cfia-many-names-of-sugars-picMany Canadians are surprised to hear that sugar by any other name is nutritionally the same. The different names for sugars do not affect what they really are, which is simple carbohydrates that taste sweet and provide quickly absorbed energy at 4 calories per gram. For example on an ingredient label, sugar, honey, maple syrup and evaporated cane juice could all be listed separately, but the human body treats them all the same – as sugar.

FOOD LABEL TRANSLATION:

It’s important to look at the Nutrition Facts table to check how much sugar is in a serving of a food.  On food labels, sugar is shown in grams, but most people think of sugar in teaspoons. The conversion is easy: 4 grams of sugar = 1 teaspoon. Health Canada plans to set 100g of sugar/day as the recommended Daily Value (100% DV). When you do the math, 100 g of sugar is equivalent to 25 teaspoons of sugar per day from all sources. You’ll be able to use the % Daily Value to estimate if there is a little (5% DV) or a lot (15% DV) of sugar in a serving of food.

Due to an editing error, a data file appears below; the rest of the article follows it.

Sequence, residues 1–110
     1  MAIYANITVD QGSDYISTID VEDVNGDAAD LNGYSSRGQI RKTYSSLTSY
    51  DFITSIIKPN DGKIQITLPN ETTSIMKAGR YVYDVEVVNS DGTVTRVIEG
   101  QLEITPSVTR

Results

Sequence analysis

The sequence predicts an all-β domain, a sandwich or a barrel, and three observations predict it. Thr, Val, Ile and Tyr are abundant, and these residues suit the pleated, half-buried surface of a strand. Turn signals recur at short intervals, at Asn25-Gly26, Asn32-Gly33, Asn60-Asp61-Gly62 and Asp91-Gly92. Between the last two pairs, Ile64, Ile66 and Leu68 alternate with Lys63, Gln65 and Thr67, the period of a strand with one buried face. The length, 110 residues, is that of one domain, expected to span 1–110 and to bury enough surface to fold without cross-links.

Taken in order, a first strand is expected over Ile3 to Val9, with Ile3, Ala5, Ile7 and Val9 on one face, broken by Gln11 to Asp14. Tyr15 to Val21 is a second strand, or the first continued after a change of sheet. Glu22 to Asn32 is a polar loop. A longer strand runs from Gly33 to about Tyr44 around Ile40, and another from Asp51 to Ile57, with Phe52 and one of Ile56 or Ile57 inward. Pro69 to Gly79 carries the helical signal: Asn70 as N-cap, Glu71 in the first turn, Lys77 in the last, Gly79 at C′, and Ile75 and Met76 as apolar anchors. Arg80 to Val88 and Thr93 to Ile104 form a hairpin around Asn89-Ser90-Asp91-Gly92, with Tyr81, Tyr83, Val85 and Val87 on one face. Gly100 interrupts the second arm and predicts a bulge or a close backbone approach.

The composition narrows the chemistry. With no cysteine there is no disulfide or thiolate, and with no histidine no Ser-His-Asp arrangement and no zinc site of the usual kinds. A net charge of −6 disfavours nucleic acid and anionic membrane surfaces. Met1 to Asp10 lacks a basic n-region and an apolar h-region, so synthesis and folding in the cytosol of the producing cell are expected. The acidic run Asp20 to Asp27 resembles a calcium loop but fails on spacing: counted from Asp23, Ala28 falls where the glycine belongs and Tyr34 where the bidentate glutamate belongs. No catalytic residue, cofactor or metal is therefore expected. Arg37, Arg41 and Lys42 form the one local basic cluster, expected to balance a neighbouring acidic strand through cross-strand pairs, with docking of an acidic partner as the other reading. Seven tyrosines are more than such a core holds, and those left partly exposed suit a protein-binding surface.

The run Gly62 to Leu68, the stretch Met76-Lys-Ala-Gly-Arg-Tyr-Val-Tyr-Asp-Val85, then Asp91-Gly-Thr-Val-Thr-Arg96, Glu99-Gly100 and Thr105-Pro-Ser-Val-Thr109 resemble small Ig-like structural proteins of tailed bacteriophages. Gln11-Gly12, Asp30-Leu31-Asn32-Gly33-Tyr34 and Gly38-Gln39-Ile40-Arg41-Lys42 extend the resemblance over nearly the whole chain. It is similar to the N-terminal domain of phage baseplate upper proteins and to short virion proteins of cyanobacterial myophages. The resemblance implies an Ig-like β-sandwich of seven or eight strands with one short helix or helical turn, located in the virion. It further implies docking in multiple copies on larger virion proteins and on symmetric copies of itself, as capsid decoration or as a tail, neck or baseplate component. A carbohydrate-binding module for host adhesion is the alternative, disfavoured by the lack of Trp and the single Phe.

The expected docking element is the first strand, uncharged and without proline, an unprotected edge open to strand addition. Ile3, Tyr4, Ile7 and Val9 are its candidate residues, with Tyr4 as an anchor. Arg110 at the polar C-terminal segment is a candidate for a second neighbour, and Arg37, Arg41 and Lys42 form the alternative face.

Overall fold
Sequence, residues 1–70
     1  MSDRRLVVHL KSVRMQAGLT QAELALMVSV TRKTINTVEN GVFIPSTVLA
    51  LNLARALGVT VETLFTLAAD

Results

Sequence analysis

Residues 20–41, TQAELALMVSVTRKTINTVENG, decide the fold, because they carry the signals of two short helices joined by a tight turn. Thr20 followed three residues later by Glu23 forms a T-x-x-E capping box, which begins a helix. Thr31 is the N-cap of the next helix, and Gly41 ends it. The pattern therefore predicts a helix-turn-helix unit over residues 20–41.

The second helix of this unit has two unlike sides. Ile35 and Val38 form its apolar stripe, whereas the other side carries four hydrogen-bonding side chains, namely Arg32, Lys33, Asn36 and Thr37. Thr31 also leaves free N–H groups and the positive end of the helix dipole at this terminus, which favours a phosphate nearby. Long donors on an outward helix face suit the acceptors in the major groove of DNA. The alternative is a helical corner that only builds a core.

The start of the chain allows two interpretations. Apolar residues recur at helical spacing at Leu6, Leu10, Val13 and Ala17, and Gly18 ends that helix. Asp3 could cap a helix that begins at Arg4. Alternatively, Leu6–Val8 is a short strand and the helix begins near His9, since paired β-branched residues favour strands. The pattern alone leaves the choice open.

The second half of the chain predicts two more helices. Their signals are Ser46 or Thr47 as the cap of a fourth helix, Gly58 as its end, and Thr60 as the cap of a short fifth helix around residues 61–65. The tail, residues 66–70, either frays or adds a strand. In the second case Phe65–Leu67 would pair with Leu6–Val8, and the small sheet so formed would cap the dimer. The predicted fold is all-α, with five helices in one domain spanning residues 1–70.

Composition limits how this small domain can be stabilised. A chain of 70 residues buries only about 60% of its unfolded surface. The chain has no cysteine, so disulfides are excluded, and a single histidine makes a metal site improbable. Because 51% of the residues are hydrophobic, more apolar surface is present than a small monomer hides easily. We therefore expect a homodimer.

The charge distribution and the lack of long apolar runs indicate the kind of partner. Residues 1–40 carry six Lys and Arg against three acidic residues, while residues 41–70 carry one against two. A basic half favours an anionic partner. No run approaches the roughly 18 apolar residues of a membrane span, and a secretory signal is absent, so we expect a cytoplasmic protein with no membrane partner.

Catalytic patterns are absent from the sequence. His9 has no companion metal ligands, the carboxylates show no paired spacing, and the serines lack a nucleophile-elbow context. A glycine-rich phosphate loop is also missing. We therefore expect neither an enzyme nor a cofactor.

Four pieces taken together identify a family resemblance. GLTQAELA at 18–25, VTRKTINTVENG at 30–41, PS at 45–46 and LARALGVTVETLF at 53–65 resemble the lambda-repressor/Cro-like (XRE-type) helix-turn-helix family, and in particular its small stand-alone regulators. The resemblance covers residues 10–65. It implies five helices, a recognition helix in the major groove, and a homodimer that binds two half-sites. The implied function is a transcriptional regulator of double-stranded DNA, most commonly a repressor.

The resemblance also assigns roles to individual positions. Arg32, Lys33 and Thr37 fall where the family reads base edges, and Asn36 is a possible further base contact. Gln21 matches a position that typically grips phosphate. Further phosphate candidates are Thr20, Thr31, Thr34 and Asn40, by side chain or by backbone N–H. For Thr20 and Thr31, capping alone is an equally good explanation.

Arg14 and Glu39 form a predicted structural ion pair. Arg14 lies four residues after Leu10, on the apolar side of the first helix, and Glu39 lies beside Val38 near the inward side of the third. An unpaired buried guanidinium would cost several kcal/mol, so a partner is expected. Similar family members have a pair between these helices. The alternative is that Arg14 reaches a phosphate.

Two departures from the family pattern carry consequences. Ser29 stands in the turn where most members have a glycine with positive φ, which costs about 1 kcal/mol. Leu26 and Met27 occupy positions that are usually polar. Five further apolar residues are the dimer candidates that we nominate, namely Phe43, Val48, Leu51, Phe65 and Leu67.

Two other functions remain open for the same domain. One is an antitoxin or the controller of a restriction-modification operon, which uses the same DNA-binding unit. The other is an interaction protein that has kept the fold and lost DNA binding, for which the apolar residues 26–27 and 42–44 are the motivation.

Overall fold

NATURALLY OCCURRING AND ADDED SUGARS

Did you know that both added and naturally occurring sugars are broken down in a similar way? Once sugar is digested, the body really can’t tell the difference! But there is a difference between where sugar is found in the foods we eat and what other nutrients come along with the sugar.  For example, sugars are found naturally in all fruit, dairy, and wholegrain breads and cereals, which are all foods that are important for our health. Sugars that come from these foods provide many other nutrients too and are healthier choices than foods that only contribute sugar calories. Sugars that are added to foods during preparation contribute only calories and sweet taste.

DIETITIAN’S TIP:

It’s a good start to cut down on sugary foods but it’s still okay to leave some sweet foods in to keep it real. Make your sugar calories count by choosing foods that give you a chock full of other nutrients not just sugar.

CALL TO ACTION:

Help shape the future of nutrition labelling. Before January 13, 2017, let your voice be heard by participating in an important Health Canada consultation on front of package labelling, which includes sugars.  There are 2 ways to participate online at http://bit.ly/2f1Weow

  1. Complete the consumer questionnaire, which has background information and 8 questions.
  2. Review the consultation document and complete the technical questionnaire, which has 15 questions.

Have questions? We can help. Let’s chat about how Health Canada’s proposed front of package labelling may affect your business. Contact us at: Lucia@WeilerNutrition.com